Tuesday, November 22, 2011

Variations On A Gag #1—The Comedian As Sanitarium Patient

Stealing is a time honored tradition among comedians, and God bless them, I say—thanks to their thieving ways, we can directly compare comedy acts with different styles and of different eras and get a sense of what each brings to the table.

This is especially true, I think, where as here, the players are not at the top of their games. Great work tends to transcend its source material, and even if it's still identifiably the work of its creator, largely becomes something unique. Merely good work, on the other hand, especially when done in a hurry for money, tends to reveal its creator's default tendencies.

In this case, Charlie Chaplin, Roscoe Arbuckle and the Three Stooges all check themselves in as patients in a sanitarium and in each case, you can see them race for the tried and true. Chaplin leans on repetition and rhythm, Arbuckle on pratfalls and cross-dressing, the Stooges on destructive ineptitude. All did better work, but none more typical.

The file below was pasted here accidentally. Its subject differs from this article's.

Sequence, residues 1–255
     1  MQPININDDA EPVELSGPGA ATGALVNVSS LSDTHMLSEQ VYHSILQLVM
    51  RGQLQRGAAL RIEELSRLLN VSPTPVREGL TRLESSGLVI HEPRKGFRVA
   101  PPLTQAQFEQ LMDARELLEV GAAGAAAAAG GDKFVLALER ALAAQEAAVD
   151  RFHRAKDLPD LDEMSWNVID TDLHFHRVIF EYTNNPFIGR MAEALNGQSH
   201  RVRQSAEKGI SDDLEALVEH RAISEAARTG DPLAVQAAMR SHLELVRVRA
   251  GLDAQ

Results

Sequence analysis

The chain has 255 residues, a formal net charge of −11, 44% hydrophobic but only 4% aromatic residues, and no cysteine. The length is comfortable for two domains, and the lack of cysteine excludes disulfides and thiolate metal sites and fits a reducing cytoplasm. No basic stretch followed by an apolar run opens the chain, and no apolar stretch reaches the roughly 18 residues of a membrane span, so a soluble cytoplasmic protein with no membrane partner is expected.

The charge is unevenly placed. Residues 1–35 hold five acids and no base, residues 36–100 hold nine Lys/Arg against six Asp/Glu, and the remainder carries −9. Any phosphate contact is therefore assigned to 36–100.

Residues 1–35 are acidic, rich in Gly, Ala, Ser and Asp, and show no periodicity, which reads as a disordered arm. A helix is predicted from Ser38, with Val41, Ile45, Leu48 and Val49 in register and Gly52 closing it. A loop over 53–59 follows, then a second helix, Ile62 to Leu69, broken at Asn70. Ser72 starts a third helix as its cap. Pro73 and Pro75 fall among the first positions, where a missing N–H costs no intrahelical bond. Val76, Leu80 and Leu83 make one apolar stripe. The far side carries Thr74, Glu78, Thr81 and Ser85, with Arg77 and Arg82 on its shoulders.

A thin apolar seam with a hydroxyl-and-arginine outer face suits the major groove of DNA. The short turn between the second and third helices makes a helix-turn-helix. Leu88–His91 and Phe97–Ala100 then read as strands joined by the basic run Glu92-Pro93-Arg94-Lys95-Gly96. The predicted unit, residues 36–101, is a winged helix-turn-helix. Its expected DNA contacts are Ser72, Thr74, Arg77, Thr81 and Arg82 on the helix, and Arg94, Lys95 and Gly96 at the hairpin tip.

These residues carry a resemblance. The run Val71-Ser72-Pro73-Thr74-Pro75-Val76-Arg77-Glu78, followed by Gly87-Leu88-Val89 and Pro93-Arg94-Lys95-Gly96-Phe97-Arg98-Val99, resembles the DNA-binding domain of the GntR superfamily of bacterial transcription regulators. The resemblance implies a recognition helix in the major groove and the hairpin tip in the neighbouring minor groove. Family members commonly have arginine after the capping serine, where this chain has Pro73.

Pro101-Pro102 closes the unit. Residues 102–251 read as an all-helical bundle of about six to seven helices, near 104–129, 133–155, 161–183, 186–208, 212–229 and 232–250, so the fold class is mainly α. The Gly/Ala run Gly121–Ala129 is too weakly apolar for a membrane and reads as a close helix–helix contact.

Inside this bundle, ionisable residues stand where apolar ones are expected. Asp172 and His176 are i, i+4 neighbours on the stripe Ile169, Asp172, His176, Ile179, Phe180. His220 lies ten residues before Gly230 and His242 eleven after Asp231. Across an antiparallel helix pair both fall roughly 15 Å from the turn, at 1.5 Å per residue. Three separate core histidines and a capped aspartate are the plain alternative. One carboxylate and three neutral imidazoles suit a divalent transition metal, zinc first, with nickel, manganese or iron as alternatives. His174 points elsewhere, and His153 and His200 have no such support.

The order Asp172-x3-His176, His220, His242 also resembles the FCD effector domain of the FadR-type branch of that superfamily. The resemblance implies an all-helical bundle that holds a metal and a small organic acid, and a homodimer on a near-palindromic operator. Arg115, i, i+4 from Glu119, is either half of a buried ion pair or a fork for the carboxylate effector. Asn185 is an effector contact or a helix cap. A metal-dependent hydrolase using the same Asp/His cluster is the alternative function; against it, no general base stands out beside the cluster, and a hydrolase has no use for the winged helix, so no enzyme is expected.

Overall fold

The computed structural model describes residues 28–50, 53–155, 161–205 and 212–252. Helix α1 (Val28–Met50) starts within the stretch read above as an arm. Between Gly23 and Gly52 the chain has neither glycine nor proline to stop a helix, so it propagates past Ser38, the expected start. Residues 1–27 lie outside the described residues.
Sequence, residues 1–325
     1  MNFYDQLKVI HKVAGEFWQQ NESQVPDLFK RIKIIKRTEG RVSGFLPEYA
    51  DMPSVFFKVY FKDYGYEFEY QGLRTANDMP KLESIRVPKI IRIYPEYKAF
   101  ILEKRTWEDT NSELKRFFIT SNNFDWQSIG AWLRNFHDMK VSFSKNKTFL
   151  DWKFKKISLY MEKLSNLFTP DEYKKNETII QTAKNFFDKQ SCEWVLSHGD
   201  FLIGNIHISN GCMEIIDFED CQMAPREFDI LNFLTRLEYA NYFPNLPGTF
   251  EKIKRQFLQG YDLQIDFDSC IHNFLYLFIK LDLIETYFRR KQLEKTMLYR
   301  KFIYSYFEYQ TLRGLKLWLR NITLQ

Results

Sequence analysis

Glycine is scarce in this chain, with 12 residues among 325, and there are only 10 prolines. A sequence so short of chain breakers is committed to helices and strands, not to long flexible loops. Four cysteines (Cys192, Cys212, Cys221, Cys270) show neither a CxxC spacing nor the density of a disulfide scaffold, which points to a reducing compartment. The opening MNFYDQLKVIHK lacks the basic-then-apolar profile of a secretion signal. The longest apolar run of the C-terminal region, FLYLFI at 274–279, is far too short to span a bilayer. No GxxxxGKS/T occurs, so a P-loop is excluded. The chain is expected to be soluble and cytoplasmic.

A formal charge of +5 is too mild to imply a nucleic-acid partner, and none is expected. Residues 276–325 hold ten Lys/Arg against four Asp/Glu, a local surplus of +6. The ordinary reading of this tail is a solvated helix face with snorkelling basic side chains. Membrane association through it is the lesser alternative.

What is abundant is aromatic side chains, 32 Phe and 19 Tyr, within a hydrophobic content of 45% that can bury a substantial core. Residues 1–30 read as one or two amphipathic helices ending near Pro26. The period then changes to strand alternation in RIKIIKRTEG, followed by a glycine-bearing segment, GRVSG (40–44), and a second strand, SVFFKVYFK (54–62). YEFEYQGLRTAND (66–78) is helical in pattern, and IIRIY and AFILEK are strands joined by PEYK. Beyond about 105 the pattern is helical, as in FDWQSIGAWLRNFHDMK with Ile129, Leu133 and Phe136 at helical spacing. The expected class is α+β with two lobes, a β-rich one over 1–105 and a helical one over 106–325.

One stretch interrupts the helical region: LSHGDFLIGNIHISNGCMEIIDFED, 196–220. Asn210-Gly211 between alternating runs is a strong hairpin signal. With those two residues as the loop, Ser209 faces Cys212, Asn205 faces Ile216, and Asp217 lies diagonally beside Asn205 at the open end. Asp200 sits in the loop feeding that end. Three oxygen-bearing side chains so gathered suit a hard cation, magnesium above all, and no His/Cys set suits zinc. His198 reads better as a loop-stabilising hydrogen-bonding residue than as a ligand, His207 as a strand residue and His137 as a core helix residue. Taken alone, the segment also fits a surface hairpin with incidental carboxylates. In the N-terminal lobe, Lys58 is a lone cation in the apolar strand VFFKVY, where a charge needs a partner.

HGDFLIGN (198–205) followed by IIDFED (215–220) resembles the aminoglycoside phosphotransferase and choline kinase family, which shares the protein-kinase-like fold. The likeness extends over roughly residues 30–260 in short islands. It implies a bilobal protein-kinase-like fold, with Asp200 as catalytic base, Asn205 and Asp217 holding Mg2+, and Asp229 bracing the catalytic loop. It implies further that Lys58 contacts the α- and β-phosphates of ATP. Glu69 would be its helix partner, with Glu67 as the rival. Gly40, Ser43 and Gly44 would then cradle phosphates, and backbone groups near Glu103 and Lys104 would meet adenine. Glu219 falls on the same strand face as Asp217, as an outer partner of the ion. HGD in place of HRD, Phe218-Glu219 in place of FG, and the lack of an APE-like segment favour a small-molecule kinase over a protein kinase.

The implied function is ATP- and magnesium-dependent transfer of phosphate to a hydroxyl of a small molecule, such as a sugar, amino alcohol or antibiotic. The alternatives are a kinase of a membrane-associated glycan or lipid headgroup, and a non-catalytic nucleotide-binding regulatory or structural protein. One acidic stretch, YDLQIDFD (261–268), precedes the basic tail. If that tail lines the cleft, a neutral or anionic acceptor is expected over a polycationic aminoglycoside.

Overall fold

Charles Chaplin in The Cure (1917).

Roscoe Arbuckle and Buster Keaton in Good Night, Nurse (1918).

The Three Stooges in Monkey Businessmen (1946) (in two parts).


Who Am Us Anyway? said...

"Back home, where his dear wife is waiting ..." Mr. Who turned Ms. Who onto Charlie Chaplin, Fatty Arbuckle, Buster Keaton, and YES, finally, the Stooges ... Hey Porcupine, trace that wire!

Gentlemen: the Gymnasium!

Nothing but a quack? That means duck!

Miss Shapely! Miss Shapely! Where's that stupid guard?

He's in the laboratory with the new doctors!

Mythical Monkey said...

Wow, that's the ultimate compliment -- the Three Stooges are definitely a love 'em or hate 'em act (me, I love them). I'd say follow up with A Plumbing We Will Go, but quitting while you're ahead is also a solid choice.

Who Am Us Anyway? said...

The fact that even as a grown man my idea of “contributing” to a film blog continues to be to blearily shout out (often inaccurately I’m sure) the stray lines I remember from my favorite Stooges bits is … troubling. In penance, I offer this heavily researched factoid: Miss Shapely is played by none other than the late, great … Jean Willes, ladies and gentlemen, Jean Willes!